Mallet Finger Surgery


If you have a mallet finger (baseball finger) you might be unable to fully straighten the tip of your finger. You may also have a painful, swollen, and/or bruised finger. Many experience this injury to the tendon in their finger while tucking in a bedsheet. A mallet finger surgery can correct the injury. You may have tried nonsurgical treatment with an unsuccessful outcome, or we may have identified bone fractures through an X-ray that needs to be repaired. Now you are interested in what mallet finger surgery entails.

How to Prepare for Mallet Finger Surgery

You won’t be able to eat the day you have surgery. You should be able to continue drinking water as normal. Just avoid drinking other beverages, like soda, juice, or milk. We may also ask that you quit taking certain medications like aspirin or anti-inflammatory drugs a few days before surgery. Make sure we know what medications you take regularly.


We repair the fracture through the use of medical devices like pins. These hold the pieces of bone together as the injury heals. If you have a damaged tendon, we may use a piece of tendon found somewhere else in your body to repair the tendon, called a tendon graft. We will fuse the new tendon in place.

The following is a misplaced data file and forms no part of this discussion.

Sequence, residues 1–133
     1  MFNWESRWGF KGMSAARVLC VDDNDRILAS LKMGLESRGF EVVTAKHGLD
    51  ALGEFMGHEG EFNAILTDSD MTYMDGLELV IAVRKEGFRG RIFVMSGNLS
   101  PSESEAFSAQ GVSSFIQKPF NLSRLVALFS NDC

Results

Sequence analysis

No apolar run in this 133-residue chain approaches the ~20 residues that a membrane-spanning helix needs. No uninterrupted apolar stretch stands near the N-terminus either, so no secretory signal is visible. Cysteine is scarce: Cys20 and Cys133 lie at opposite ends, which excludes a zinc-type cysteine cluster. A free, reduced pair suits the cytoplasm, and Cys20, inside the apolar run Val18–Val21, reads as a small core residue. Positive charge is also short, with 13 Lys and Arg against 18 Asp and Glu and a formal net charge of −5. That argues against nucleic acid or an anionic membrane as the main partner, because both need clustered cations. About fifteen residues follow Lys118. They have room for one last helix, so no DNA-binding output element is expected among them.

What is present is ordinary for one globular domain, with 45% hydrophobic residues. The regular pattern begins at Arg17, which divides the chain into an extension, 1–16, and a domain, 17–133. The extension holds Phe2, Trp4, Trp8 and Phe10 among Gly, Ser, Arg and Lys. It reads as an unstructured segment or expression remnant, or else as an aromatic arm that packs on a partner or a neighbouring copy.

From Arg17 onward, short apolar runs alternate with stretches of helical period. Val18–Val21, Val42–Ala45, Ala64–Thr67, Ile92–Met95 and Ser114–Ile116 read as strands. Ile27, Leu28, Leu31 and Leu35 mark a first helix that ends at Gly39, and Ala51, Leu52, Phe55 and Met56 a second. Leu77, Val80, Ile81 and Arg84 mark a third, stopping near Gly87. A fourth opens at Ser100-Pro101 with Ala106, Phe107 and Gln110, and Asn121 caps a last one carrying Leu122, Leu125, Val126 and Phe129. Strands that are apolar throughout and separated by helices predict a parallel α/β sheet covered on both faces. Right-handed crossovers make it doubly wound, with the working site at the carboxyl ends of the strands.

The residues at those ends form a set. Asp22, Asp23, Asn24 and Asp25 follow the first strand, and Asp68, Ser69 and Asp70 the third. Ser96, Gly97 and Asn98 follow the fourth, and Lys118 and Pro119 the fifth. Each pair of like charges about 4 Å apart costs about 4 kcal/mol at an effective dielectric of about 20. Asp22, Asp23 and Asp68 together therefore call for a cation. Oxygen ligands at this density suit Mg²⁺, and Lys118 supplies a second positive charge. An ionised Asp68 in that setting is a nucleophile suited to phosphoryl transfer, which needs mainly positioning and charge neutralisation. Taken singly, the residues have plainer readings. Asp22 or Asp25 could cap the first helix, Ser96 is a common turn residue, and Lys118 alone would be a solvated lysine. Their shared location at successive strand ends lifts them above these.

After surgery, you will wake up with a splint on your hand. This helps stabilize the finger as it heals. You will wear the splint for six to eight weeks all the time. After this period you will wear the splint at night for three to four weeks.


We repair the fracture allowing the finger to fully straighten.


Possible complications include infection, blood loss, and nerve damage as with any surgery.


With proper care, you should have a full recovery and use of the injured finger.